“The new commission, coupled with Vanuatu’s announcement…may suggest that this [loss and damage] debate may soon move beyond the largely theoretical realm in which it has existed to date.”

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How is loss and damage being tackled at UN climate talks?

The term “loss and damage” emerged from UN climate negotiations, where diplomats from almost every nation meet regularly to discuss measures to tackle climate change.

It has a long, fraught history in the process that pre-dates the launch of the UNFCCC in 1992. 

Protestors outside COP26, Glasgow, UK, 10 November 2021. Credit: dpa picture alliance / Alamy Stock Photo.

For years, developing countries have petitioned developed countries to provide them with more money to deal with loss and damage. Their efforts so far have been unsuccessful.

However, when years of negotiations culminated in the Paris Agreement in 2015, the landmark climate treaty included important references to loss and damage.

It separated loss and damage from adaptation in its own “article” of the treaty – Article 8 – making it clear that this was a distinct and important issue that required action, alongside cutting emissions and adapting to climate change.

Source: Paris Agreement.

The agreement established the importance of “averting, minimising and addressing” loss and damage. While the first two of these goals can be viewed as overlapping with climate adaptation actions, campaigners are increasingly focusing on the “address” part of this mandate, which is seen by many groups as justification for new loss-and-damage finance.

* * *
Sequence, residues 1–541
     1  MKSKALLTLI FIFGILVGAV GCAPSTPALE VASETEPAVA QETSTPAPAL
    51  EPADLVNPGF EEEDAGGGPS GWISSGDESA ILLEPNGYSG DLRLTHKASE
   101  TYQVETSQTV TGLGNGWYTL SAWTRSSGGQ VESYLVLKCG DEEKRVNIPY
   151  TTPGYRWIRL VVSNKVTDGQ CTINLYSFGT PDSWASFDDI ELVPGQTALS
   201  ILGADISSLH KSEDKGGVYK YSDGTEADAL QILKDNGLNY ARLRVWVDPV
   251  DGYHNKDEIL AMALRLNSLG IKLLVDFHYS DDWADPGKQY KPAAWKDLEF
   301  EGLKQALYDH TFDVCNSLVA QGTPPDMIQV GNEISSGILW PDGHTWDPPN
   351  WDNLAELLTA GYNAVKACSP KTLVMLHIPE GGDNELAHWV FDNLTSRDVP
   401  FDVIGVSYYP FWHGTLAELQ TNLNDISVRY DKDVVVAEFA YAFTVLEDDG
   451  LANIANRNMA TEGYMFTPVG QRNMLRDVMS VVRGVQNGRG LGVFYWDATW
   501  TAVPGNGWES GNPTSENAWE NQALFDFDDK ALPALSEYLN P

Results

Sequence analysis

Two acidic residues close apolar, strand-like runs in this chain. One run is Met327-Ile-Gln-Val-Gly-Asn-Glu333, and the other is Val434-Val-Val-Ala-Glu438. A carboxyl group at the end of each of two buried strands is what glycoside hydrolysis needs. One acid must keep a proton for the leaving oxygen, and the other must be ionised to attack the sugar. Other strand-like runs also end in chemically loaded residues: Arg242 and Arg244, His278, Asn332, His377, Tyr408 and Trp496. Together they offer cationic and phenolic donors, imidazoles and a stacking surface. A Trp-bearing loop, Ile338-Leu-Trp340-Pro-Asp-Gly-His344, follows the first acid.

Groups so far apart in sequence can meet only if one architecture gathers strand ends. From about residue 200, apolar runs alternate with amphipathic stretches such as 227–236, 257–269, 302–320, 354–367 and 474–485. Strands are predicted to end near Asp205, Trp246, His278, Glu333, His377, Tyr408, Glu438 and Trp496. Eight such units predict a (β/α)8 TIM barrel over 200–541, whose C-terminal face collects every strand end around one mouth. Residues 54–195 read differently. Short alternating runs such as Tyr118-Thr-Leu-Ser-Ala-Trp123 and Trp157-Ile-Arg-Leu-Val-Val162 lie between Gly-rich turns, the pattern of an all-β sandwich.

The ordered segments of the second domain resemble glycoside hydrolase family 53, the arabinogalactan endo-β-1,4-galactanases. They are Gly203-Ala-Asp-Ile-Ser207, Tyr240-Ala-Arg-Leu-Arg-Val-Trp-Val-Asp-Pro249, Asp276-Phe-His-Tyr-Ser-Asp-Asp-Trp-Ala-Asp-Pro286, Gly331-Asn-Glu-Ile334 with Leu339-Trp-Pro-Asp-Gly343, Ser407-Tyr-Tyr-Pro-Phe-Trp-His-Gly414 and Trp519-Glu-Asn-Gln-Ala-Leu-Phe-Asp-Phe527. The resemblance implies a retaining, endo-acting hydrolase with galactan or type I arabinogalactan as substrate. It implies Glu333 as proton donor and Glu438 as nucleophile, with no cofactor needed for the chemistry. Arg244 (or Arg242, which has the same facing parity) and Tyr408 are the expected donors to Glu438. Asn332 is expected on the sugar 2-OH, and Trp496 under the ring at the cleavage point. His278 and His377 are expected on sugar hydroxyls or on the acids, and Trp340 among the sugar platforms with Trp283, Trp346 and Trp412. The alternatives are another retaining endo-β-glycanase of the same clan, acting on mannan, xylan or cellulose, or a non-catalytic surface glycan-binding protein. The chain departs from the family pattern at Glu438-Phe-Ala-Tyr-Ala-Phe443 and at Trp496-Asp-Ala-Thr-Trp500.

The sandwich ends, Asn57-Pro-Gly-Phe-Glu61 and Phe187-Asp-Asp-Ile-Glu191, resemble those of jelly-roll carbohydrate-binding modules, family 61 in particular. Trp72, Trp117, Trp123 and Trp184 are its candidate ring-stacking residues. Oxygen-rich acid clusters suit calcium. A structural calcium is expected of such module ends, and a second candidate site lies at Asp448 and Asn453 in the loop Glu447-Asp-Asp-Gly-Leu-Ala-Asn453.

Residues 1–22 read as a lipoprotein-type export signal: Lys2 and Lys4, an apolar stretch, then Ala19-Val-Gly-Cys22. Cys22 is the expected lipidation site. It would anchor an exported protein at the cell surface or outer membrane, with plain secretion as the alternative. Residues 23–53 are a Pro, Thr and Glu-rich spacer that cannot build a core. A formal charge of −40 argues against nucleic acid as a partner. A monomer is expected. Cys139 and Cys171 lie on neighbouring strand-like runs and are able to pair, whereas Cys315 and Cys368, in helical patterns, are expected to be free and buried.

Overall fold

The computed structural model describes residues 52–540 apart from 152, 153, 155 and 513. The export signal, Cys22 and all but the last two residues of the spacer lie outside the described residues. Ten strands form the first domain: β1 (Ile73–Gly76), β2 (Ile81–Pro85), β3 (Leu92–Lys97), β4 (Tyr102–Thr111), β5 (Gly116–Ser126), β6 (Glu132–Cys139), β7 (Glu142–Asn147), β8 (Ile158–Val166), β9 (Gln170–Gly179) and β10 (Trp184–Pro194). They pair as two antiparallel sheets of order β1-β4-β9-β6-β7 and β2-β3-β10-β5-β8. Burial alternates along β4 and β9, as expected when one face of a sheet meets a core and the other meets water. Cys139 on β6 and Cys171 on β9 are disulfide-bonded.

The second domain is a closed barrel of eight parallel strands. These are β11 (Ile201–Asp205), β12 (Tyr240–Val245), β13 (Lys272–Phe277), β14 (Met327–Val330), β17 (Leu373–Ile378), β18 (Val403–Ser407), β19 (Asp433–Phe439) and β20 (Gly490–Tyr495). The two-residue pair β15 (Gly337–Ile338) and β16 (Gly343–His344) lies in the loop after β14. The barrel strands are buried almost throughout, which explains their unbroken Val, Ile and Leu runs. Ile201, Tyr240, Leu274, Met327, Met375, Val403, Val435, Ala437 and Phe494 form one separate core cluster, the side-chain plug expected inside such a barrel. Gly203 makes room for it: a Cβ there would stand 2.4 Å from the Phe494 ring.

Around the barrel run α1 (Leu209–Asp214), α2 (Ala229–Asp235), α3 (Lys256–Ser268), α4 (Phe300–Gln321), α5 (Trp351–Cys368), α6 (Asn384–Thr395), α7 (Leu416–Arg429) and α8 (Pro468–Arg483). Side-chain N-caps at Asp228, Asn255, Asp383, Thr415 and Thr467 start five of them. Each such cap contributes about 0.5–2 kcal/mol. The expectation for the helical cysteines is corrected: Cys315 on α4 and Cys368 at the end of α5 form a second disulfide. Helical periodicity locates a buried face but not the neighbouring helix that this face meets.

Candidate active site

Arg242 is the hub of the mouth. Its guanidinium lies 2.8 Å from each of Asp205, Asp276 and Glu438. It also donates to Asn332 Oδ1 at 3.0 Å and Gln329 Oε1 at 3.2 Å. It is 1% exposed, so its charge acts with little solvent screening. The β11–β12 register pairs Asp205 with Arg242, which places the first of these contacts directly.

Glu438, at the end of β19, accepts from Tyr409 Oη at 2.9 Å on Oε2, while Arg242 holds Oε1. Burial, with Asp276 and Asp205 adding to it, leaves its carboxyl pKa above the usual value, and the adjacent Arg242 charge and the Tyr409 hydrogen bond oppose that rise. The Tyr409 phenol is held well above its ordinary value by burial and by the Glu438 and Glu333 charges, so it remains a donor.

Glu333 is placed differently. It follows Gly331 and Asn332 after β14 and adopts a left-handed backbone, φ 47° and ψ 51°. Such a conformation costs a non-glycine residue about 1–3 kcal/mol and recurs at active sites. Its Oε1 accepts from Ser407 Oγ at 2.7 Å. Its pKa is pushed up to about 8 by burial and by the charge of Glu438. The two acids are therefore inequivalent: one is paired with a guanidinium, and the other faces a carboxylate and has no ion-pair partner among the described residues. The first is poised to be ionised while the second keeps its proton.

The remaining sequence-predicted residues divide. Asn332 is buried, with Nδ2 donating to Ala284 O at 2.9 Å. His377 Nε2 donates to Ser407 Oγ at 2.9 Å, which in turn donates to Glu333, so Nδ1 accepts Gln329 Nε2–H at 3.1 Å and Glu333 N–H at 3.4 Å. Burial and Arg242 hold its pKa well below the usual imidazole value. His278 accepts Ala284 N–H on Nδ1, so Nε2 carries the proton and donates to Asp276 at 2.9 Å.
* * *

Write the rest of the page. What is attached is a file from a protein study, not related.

The Paris Agreement was also accompanied by a “decision text”, according to which the treaty would not provide the basis for liability and compensation claims on the basis of loss and damage.

Source: Paris Agreement decision text.

This was reportedly an important issue for the US and other developed countries that feared being held legally accountable for their own historical contributions to climate change. (See: How should loss and damage be paid for?)

UN talks have also established two key institutions that have helped to advance and popularise the concept of loss and damage at an international level.

These are the Warsaw International Mechanism for Loss and Damage associated with Climate Change Impacts (WIM) and the Santiago Network on Loss and Damage – both named after the capital cities of the COP presidencies in the year of their origin.